The Meanwhile In The Future podcast (at Gizmodo) decides to look at ways to genetically modify humans to survive climate change:
[continues at Gizmodo]
A lot of researchers are thinking about how to genetically engineer crops and food animals to help them withstand post-climate change heat and parched conditions. But what about genetically engineering humans to slow our constant carbon contributions?
In 2012 a philosopher named Matthew Liao co-authored a paper that proposed altering human biology to combat climate change. In the paper, Liao and his colleagues propose a number of possible changes to human biology to help us combat climate change. When the paper came out, it got a lot of attention. Some people thought that Liao and his colleagues were trolling the academic community or that it was some sort of early April Fools joke. Bill McKibbon, a prominent environmental advocate Tweeted that the suggestions in the paper were the “worst climate change solutions of all time.” And, of course, climate skeptics thought it was totally insane to alter human genetics in response to a problem they do not believe in.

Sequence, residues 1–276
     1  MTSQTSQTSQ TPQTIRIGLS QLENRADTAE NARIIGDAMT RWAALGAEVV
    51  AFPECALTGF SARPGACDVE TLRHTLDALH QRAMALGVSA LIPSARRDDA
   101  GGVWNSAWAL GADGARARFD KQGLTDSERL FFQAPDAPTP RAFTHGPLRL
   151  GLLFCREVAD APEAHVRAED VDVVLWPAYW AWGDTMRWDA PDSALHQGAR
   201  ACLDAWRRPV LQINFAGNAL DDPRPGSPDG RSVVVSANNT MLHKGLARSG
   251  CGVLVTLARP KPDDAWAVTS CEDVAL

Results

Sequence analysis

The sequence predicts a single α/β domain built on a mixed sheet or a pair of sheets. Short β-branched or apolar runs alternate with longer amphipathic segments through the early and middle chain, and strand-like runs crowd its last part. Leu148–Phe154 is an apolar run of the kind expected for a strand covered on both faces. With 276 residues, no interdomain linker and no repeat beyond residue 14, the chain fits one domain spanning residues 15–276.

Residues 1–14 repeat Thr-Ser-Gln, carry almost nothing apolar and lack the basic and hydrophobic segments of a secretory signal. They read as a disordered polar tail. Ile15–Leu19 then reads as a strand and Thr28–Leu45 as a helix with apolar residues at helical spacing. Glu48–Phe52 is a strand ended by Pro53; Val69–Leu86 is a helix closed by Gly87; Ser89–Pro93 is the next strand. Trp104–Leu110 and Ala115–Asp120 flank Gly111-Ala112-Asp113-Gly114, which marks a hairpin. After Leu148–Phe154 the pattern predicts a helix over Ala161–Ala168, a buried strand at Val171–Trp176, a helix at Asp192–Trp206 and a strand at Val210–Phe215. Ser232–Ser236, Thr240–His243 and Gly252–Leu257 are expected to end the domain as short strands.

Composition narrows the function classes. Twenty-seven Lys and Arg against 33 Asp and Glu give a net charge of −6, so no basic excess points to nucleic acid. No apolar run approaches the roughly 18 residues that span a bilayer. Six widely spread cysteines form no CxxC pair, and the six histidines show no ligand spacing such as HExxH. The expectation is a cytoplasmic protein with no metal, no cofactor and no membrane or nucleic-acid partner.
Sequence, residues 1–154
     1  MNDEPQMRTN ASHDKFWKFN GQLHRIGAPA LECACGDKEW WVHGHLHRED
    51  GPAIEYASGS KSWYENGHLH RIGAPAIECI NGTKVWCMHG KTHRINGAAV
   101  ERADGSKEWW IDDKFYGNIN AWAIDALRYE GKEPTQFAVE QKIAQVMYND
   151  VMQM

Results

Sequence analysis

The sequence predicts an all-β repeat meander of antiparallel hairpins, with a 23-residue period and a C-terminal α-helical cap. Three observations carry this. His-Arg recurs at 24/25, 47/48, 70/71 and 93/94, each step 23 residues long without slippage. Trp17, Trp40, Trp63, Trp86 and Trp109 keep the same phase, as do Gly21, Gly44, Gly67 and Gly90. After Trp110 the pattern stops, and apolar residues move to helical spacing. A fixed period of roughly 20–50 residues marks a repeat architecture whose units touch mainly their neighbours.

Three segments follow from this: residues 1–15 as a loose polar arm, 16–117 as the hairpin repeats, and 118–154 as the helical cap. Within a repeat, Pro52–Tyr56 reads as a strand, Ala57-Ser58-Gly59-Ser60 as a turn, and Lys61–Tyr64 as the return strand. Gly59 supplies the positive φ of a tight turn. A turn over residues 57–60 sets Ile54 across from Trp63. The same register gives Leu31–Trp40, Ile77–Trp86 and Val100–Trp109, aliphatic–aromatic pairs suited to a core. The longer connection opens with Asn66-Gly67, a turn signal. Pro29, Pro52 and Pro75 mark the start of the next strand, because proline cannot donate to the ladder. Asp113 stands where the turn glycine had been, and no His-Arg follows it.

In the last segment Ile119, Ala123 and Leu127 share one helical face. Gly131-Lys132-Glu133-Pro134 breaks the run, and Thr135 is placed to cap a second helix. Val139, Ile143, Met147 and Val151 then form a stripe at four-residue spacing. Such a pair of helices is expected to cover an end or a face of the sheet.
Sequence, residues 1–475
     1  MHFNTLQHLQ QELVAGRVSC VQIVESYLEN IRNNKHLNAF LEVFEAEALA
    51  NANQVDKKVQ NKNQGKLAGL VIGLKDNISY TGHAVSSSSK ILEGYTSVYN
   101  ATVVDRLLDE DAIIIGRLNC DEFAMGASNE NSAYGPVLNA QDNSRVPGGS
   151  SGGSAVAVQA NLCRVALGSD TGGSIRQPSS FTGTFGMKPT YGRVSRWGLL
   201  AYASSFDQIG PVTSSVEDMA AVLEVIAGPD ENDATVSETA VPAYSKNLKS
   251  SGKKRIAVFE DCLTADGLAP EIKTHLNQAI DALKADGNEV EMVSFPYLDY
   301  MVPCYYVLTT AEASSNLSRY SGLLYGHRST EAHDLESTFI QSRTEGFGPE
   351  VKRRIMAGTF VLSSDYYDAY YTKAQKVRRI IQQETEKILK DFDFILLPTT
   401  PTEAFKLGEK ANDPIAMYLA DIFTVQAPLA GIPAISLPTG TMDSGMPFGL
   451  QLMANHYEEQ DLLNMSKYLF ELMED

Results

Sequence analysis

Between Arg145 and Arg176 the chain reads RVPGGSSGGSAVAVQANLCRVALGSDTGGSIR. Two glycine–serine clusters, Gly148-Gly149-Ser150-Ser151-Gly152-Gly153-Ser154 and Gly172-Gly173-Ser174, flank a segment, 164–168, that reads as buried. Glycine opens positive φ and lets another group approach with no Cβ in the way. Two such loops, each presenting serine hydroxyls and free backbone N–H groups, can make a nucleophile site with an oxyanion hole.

In the paper and in subsequent interviews Liao and his co-authors said that they’re not necessarily advocating for any one of these modifications in particular. Instead, they just think scientists should look into how feasible changing certain aspects of human biology might be. Co-author Rebecca Roache (who we talked to for the Eternal Life in Prison episode) told Leo Hickman of the Guardian that “human engineering may ultimately be unworkable; but this should be because it is impossible to implement, or because its costs outweigh its benefits.”…